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ERIC Number: ED533021
Record Type: Non-Journal
Publication Date: 2011
Pages: 253
Abstractor: As Provided
Reference Count: 0
ISBN: ISBN-978-1-1248-1684-5
ISSN: N/A
"I Think of Myself as a Talented Writer:" Understanding Fifth and Sixth Grade Students' Self-Concepts in Writing
Hamilton, Bonita
ProQuest LLC, Ed.D. Dissertation, University of Northern Colorado
Students' academic self-concepts have a reciprocal relationship with their academic performance, so high academic self-concepts are desirable. Yet, academic self-concepts typically decline during the late elementary and early middle school years. Little is known about how students' academic self-concepts are influenced to change. Fifth and sixth grade students' academic self-concepts in writing were examined through a two-phase, sequential, explanatory, complementary (or mixed) methods research design to explore how academic self-concepts in writing change. Phase one was a quantitative survey that measured fifth and sixth grade students' self-concepts in writing. Findings from this phase indicated that students generally hold slightly positive self-concepts as writers. Also, statistical analysis suggested that the Self-concept and Change Survey was a reliable and valid instrument for measuring self-concept in writing. Phase two was a case study of four children, two fifth grade students and two sixth grade students, who reported positive change in their self-concepts as writers. Data collection over four months included observations of ten fifth and sixth grade classrooms during writing instruction; interviews of four student participants, seven teachers, six administrators, and three parents; and participant-developed multimedia narratives. Findings within the case study showed that students perceived barriers to their writing competence and, as they found ways to overcome the barriers, experienced positive turning points in their writing self-concepts. Turning points consisted of a series of critical events, including a negative critical event, an initial positive critical event, and a final critical event that completed the turning point. Participants described their turning points through multimedia narratives. These turning points from negative to positive self-concepts in writing were not visible to influential adults and did not appear to result in external improvements in writing skills. [The dissertation citations contained here are published with the permission of ProQuest LLC. Further reproduction is prohibited without permission. Copies of dissertations may be obtained by Telephone (800) 1-800-521-0600. Web page: http://www.proquest.com/en-US/products/dissertations/individuals.shtml.]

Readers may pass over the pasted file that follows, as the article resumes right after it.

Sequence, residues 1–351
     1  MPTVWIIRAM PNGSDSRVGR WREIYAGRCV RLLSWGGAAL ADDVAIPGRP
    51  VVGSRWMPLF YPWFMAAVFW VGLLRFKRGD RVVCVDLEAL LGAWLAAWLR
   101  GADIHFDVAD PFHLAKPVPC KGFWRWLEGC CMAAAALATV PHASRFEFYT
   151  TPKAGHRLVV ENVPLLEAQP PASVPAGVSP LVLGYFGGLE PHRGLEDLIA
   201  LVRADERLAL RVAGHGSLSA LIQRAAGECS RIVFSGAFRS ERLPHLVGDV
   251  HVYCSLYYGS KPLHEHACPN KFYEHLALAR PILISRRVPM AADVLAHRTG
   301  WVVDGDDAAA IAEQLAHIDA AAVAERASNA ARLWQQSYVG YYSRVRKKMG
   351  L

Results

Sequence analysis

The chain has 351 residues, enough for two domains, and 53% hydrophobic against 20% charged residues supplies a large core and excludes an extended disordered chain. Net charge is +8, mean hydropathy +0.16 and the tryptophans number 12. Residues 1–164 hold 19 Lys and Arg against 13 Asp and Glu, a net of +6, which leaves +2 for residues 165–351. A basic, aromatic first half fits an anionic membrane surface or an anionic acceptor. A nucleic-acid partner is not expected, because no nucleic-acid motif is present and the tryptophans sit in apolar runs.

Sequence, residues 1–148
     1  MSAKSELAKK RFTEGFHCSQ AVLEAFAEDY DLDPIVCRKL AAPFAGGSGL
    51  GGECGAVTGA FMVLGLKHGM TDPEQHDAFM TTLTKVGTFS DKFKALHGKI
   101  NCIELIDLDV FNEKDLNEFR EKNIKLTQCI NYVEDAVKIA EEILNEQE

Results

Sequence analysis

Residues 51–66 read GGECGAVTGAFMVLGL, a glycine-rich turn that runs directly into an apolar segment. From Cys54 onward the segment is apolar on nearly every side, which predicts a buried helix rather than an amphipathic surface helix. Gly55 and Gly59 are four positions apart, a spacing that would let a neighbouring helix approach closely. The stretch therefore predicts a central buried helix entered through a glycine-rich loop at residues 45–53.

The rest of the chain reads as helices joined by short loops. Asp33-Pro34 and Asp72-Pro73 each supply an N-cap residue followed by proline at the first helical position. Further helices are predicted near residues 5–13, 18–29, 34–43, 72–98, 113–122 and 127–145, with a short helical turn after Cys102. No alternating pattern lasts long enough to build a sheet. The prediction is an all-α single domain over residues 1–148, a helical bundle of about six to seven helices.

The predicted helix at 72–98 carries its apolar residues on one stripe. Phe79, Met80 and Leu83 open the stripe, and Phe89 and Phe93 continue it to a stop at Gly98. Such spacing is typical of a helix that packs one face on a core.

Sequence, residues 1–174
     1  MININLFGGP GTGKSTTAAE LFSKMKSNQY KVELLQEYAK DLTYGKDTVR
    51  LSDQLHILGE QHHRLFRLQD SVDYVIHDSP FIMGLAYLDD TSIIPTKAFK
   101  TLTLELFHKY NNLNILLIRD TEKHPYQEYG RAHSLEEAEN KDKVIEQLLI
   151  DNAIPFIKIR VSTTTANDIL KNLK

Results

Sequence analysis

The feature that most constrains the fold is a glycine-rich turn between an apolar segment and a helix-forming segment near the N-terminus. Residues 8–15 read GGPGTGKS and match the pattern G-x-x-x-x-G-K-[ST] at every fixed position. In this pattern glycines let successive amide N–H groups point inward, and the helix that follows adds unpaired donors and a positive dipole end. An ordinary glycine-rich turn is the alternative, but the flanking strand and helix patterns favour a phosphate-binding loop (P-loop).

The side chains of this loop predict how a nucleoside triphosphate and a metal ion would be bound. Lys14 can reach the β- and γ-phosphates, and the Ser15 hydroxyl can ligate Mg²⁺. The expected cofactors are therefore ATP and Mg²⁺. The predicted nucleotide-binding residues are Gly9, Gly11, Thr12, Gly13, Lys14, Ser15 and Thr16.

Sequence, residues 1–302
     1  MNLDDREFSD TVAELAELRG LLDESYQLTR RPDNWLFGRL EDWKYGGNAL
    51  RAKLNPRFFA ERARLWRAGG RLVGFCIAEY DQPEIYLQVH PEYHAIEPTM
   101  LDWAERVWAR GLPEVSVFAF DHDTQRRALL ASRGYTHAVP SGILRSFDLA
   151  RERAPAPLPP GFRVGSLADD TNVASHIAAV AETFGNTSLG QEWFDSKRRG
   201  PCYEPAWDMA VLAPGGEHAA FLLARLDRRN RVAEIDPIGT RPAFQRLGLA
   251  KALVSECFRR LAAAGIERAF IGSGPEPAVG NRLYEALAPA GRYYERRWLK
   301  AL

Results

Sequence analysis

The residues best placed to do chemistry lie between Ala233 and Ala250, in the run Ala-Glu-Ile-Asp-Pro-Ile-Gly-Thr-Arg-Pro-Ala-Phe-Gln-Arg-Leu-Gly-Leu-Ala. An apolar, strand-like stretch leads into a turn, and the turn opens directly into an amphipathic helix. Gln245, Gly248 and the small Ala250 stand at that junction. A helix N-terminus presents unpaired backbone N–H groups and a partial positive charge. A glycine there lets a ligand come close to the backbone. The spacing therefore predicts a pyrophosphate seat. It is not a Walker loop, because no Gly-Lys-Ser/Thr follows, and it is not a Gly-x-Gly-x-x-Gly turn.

ProQuest LLC. 789 East Eisenhower Parkway, P.O. Box 1346, Ann Arbor, MI 48106. Tel: 800-521-0600; Web site: http://www.proquest.com/en-US/products/dissertations/individuals.shtml
Publication Type: Dissertations/Theses - Doctoral Dissertations
Education Level: Elementary Education; Elementary Secondary Education; Grade 5; Grade 6
Audience: N/A
Language: English
Sponsor: N/A
Authoring Institution: N/A